Taking the creation further, the foreground, albeit manipulated by man, justified a representation of the earth, of nature, of environment, of all things organic and elemental. But, the mere man-made manipulation of the imagery did not seem enough (is it ever enough?), so delving further into the imagination and keeping within the broad parameters of the initial reasoning, came the representation of man as a whole, in a generic form, through photographs of original and pre-existing cave drawings - those prevailing statements of validating existence, uncertainty and the fight for survival. Perhaps those walls were marked by a single person, acting alone without any prompting from his fellow man, one will never know...but that expression of the individual amongst the many is as relevant then as it is now, and from that came the typography and words of one voice struggling to be heard, a voice that will never be heard in its entirety, partly due to being crowded out under the many and partly through his own ignorance, in the end no one truly understands what they’re trying to express anyway, only that they need to express that.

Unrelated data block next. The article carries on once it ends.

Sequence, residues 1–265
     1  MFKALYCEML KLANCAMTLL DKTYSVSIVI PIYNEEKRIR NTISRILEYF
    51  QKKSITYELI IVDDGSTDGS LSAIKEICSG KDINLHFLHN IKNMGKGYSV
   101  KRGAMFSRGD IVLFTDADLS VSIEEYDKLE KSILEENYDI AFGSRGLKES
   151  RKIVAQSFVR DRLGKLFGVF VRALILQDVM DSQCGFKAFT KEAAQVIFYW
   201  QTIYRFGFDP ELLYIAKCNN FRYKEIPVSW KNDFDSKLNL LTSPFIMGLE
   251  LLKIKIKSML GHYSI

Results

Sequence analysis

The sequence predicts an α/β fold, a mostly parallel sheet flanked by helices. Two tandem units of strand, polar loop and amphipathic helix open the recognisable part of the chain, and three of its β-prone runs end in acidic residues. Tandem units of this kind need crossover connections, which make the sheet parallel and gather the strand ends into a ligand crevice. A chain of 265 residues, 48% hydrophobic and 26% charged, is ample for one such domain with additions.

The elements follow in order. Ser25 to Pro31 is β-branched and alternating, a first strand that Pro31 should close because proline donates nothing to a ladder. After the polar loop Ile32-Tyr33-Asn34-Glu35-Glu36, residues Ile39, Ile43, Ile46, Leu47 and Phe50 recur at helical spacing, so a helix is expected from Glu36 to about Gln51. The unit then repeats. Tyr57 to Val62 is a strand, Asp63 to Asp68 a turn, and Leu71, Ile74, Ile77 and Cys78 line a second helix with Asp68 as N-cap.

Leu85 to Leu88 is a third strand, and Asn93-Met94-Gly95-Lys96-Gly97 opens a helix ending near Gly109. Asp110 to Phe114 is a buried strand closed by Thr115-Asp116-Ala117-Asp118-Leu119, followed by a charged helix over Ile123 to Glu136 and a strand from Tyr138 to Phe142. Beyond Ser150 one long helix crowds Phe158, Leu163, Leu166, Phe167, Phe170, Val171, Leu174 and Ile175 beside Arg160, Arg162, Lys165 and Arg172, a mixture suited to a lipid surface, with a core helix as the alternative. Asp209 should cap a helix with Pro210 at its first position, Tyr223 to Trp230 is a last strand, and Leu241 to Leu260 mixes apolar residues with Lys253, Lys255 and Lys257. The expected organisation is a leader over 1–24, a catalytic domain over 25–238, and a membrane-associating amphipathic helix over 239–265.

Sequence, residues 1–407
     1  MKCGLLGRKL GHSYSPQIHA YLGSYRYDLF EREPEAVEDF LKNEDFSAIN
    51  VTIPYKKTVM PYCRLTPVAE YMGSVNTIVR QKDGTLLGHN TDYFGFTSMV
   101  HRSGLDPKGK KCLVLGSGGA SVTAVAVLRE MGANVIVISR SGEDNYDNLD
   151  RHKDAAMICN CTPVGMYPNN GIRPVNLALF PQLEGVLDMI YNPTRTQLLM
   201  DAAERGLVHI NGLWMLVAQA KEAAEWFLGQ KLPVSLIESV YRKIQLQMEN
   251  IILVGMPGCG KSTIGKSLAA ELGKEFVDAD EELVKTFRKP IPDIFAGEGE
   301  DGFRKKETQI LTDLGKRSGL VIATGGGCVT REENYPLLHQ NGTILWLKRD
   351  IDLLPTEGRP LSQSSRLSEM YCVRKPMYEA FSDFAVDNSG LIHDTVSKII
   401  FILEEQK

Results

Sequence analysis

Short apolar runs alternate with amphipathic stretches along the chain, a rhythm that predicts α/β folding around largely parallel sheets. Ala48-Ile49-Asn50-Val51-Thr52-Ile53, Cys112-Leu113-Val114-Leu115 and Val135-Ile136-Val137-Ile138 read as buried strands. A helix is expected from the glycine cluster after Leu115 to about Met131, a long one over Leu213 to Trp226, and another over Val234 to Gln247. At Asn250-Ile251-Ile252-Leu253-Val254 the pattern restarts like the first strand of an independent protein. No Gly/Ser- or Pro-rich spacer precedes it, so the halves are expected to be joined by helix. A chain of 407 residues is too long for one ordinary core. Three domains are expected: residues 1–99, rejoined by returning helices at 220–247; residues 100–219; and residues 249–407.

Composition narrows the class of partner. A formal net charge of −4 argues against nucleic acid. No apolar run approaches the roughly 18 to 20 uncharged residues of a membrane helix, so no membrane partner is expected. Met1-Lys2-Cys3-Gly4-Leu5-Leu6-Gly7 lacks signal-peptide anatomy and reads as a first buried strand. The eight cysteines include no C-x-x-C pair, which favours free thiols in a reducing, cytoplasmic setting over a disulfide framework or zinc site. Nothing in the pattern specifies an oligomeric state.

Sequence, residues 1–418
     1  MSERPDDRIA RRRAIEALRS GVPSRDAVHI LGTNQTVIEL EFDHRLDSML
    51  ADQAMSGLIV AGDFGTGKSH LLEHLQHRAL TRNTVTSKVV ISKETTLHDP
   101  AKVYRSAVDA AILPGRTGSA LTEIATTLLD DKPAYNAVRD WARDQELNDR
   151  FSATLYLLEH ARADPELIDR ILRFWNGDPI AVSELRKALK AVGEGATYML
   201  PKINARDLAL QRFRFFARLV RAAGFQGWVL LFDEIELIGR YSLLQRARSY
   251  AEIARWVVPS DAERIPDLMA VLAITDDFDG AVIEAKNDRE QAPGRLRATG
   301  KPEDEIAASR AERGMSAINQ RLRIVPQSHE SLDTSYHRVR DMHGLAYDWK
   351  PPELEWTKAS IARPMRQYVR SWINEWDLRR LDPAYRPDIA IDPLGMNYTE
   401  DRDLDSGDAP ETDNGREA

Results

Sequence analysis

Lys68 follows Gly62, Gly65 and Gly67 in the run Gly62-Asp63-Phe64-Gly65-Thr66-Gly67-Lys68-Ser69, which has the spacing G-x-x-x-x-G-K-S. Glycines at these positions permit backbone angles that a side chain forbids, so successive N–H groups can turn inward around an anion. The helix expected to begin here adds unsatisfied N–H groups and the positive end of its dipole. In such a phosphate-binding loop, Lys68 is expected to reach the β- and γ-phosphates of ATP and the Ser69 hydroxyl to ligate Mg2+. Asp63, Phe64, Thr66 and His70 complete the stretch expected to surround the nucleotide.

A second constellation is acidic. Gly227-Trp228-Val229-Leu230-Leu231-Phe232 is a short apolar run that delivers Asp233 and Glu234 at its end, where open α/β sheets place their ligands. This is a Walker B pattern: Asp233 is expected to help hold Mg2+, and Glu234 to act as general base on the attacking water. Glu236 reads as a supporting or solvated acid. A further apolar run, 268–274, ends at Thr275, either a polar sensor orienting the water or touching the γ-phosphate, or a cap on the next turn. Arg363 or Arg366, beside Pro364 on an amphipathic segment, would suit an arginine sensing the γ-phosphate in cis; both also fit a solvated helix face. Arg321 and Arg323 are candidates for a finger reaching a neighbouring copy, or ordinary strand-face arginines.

Looking back, and gauging the series as a whole, it seems to elicit a fluid, boundless energy, that which touches the eternal and radiates a sensibility of the oxymoronic collisions of the natural environment with the ethereal, all bound together by a dreamlike, meditative state of mind, that remains calm and still and yet is in perpetual motion, a motion that never ceases, like thought or time or the constant evolution of life forms that eventually all return back to source and turn into one endless being, forever breathing.

And so, in the end (and the beginning), with neither of these to hold us down, we float along, like the ever-evolving north western breeze, timeless.

A statement of interpretation (no doubt there will be others) by Kushag

'Afterglow' was exhibited at the Jehangir Art Gallery, Mumbai in January 2013